It’s not easy to come that close to people and show how vulnerable they are. How do you achieve a private and intimate atmosphere between you and your models?
Well, I’m unsure whether it’s due to my calm personality, but I really don’t recall experiencing any major difficulties in getting the moody aesthetic out of the people I photograph. I always explain beforehand what I am aiming for. During the shoot, I direct them in their body language and sometimes ask odd questions in the midst of everything to provoke and capture expressions. I also utilize music a lot too. This is possibly the most efficient tool to direct a mood. I have a growing list of artists that I tend to play to provoke certain emotions, artists like Fennesz, RY X, James Blake, Library Tapes, Ben Lukas Boysen, Bjørk, EXEC and Max Richter.
With the photoshoots for ‘Our Love Will Come Back’ I built this wall, and shot through a small opening, just big enough for the 50mm Carl Zeiss lens to fit. It was almost like a gloryhole, really. But I did this as I wanted to isolate the models from myself, preventing any distractions from my physical appearence or body language when directing. So basically, it was just the feeling of them, a subtle lit room and a voice.
Who are your models? Mostly professionals or friends?
I only work with friends, people I randomly meet when I’m out, but also people i find through social media channels like Instagram, and datings apps like Hornet, and Grindr. I can’t say why the thought of working with professional models haven’t really attracted me. Perhaps it’s the fact like I like working with people I randomly found myself, that I can get stories out of, knowing that they (and I) don’t have an agency to report to – that it’s just ourselves. But, you never know – it might happen someday, working with professional models.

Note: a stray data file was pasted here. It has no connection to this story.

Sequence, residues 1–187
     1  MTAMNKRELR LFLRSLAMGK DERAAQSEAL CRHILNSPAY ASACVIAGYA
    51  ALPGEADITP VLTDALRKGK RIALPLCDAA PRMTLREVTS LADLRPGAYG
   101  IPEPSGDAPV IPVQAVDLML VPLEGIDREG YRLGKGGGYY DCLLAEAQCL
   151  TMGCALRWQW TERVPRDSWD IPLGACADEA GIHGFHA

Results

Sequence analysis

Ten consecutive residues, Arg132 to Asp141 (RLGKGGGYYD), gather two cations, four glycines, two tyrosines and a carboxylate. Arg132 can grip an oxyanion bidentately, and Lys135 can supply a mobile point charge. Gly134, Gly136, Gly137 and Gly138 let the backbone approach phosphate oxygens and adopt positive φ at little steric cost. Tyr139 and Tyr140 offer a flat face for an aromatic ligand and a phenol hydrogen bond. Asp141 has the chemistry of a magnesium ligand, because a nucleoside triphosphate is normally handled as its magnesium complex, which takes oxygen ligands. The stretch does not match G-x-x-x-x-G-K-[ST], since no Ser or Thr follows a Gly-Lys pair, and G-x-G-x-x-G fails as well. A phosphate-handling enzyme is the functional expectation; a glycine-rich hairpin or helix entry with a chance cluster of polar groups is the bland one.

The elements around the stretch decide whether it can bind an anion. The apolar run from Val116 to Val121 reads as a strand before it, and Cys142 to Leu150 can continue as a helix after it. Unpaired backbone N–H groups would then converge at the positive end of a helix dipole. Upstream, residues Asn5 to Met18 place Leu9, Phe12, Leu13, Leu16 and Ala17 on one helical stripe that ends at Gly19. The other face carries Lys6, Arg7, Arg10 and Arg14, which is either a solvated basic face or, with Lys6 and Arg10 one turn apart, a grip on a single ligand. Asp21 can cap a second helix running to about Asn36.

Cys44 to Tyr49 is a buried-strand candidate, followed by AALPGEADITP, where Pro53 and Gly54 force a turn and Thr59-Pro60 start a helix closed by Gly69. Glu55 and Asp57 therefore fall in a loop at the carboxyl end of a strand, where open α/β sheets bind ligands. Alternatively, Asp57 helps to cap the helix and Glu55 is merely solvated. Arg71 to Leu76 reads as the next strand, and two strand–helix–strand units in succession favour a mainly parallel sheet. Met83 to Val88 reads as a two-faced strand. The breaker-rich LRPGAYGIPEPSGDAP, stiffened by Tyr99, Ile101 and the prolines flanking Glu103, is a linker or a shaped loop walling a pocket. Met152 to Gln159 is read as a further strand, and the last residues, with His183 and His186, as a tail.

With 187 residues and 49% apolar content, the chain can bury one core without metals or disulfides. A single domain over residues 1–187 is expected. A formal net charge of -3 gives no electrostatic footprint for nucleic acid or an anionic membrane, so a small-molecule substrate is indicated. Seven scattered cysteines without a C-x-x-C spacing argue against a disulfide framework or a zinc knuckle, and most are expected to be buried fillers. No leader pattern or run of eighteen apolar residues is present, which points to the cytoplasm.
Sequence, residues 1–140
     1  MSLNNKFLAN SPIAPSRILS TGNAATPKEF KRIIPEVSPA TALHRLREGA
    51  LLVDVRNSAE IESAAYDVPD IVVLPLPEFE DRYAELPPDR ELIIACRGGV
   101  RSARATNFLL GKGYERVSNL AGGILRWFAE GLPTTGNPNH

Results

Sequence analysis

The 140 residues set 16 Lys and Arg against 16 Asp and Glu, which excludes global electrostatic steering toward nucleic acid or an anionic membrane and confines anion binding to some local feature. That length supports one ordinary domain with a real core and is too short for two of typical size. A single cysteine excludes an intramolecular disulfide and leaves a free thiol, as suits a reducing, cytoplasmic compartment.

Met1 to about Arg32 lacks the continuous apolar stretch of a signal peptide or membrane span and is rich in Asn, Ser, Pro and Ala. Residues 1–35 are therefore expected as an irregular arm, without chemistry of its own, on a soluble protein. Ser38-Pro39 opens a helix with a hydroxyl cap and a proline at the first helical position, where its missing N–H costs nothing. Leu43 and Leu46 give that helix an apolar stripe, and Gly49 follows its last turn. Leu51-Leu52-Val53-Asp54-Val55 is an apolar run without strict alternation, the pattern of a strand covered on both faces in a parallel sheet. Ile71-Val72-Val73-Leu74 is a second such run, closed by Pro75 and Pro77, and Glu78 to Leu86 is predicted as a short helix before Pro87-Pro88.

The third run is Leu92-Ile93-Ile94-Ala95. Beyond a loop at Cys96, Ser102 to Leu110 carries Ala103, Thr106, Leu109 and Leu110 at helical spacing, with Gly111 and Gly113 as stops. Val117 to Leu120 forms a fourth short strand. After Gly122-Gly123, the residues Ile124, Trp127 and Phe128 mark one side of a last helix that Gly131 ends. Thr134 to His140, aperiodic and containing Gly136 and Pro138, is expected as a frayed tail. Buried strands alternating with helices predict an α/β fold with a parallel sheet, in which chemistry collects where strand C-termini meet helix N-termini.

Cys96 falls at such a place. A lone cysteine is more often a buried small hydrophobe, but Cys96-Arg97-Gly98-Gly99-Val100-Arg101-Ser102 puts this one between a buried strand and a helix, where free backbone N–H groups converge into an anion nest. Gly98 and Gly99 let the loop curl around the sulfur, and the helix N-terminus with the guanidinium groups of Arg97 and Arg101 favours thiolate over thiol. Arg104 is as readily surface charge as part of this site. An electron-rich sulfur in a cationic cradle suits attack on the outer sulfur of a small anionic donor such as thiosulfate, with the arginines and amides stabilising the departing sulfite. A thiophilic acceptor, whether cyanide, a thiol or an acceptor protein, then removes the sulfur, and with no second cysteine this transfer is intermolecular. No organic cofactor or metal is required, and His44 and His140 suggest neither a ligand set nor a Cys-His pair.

What’s up next? Any ideas, moods, or topics you pay attention to?
Well, first up I’m going to New York City (my virgin trip) to meet with a few galleries as well seeing friends and just enjoy the vibrating city while scouting for boys and girls to shoot portraits of.
Next up, my team and I finished an online pilot project in shape of an artist- and exhibitionplatform, Odd B. Contemporary, and currently we are working on building it into a physical space here in little Copenhagen. It’s quite a complicated process, but we’ll see – hopefully one day it’ll see daylight.
In terms of my own photography work, I’ve recently finished the creative treatment for the next series; a project I have been working on for over five years. It will, without doubt, be the most visceral project I will ever produce, and possibly be the last I’ll do for quite some time, as I’m anticipating great exhaustion when done.
For now, the working title is ‘Mother, I killed A Man Today’. I will be shooting it this forthcoming winter.
Thank you Pete Lamberto for your deeply touching answers and your great photography.
Beautiful Photos: Pete Lamberto
Text: Alexandra Dornauer